It being St Patrick’s Day, thoughts turn towards shades of green and whether there will be broader help for energy savers in the UK Budget tomorrow.
The prospects admittedly do not look too bright – there is a general acceptance that this government is at the very least conflicted about the best ways to reduce energy consumption, manage water better, and cut carbon emissions in line with agreed targets.
Previous Budgets during the Coalition’s term in power have been increasingly light on promotion of strategies that help businesses, organisations and households reduce consumption of energy and water, so cutting carbon emissions and utility bills.
But we hope against hope that George Osborne will support measures or at least signal Government backing for a bigger range of energy saving solutions to encourage homes, SMEs and organisations across the public sector in particular to act this year.
At one level, there has been some progress under Ed Davey’s stewardship of the Department of Energy and Climate Change. The Secretary of State has overseen the introduction of the Green Deal, now showing signs of renewed life after a shockingly poor start and has supported the development of renewable energy options, often in the face of opposition from communities secretary Eric Pickles.
Mr Pickles refused 19 applications for onshore wind farms last year, possibly with an eye on voter support in the general election as well as concerns over unit costs of power.
At the same time, a report by the AEA Ricardo consultancy says that the UK is falling behind other EU countries in the reduction of energy wastage coming 13th out of 28 countries and its methods of reporting should be legally scrutinised by Brussels.
The production and consumption of energy and water are strands of the “energy trilemma”, the urgent need to reduce use of utilities, cut CO2 emissions and ensure security of supply.
As the respected think tank IPPR emphasised this week, the Government has to be more proactive in reducing greenhouse gas emissions, as well as improving energy security. The IPPR says that to help achieve this, the Budget should commit the UK to freezing the carbon tax and decommissioning the UK’s remaining coal-fired power stations over the next 10 years.
Energy efficiency is more visibly supported at national strategy level but continues to be developed in piecemeal fashion. The most visible elements are the Green Deal and Energy Companies Obligation (ECO) initiatives, which have financially supported households with improvements mainly focused on heating and insulation.
It’s unlikely that the Chancellor will tinker further with these, having reduced the ECO commitment to energy efficiency measures that energy suppliers should provide for consumers. And the latest £70 million tranche of new cash for the Green Deal Home Improvement Fund was released yesterday (March 16th).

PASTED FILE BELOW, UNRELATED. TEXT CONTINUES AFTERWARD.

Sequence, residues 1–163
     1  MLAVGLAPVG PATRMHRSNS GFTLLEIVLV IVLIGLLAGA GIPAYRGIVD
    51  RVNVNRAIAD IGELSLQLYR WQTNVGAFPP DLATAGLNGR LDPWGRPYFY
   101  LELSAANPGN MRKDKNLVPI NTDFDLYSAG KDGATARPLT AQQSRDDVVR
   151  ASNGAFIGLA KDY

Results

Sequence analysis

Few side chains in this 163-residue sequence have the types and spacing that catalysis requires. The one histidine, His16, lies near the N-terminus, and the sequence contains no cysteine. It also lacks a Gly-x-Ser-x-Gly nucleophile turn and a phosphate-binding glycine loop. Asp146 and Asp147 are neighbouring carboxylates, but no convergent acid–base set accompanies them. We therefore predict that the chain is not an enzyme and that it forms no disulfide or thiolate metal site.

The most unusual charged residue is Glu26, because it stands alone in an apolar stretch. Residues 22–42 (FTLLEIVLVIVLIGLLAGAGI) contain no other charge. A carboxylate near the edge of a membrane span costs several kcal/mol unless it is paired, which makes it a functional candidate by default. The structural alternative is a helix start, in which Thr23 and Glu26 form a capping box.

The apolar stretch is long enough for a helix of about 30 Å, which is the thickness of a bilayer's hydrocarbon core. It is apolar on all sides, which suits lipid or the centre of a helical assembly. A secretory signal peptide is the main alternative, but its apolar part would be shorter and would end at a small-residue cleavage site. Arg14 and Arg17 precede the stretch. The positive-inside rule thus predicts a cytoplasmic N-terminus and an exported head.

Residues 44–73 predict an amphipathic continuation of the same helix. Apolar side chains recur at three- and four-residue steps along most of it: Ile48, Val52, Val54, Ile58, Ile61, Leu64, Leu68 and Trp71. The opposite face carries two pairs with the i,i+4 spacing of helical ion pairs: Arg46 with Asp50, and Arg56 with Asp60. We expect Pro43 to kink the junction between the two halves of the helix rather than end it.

Households can get up to £5,600 each for energy-saving measures like solid wall insulation, double glazing and boiler replacement.
We hope that the Green Deal continues to develop and that there is an end to sharp practices, which have seen around 10% of companies involved in implementation being banned after breaking the code of practice.
We expect the effectively free Green Deal cash to be grabbed in record time, much like the last tranche and hope that it has the intended effect of reducing energy consumption across thousands of homes.
It would be an amazing turnaround if tomorrow the Budget offers any support for other energy-efficient solutions like LED lighting and water saving improvements like eco showers, eco taps and tap aerators.
We have consistently argued for financial support at the national level for households to install these very effective, simple energy-saving products. We understand that heating is a big part of a home’s energy consumption and that there is a moral element in the need to ensure vulnerable people can keep warm so the focus on this element of UK energy reduction is needed.
But we argue that energy use across the country would be quickly and permanently reduced through a campaign supporting quality LED lighting installations in every home.
Initial costs would be quickly repaid through energy savings of up to 85% from LED lamps. Similarly, eco showers, eco taps and tap aerators are simple, highly effective ways to reduce water consumption by more than 50%, reducing energy consumed in heating and pumping – again with rapid payback times.
Beyond the home, there should be much more coherent and extensive support for businesses, particularly SMEs, to carry out energy efficiency policies, focusing on LED lighting, water saving devices, intelligent lighting controls, smart heating controls and more efficient ways to control pumps, like variable speed drives.
An extension of the Energy Saving Opportunities Scheme (ESOS) would be a clear benefit. ESOS regulations currently cover only larger enterprises and the Department of Energy and Climate Change is actively seeking ways to help the smaller companies that form the larger part of the economy.
Without effective support for SMEs, there is very little hope of achieving the energy efficiencies that will go a long way towards the country meeting agreed CO2 emissions reductions – 40% by 2030 and 80% by 2050.
Let’s hope the Budget can at least lay some further foundations for an energy efficient economy and low carbon housing stock.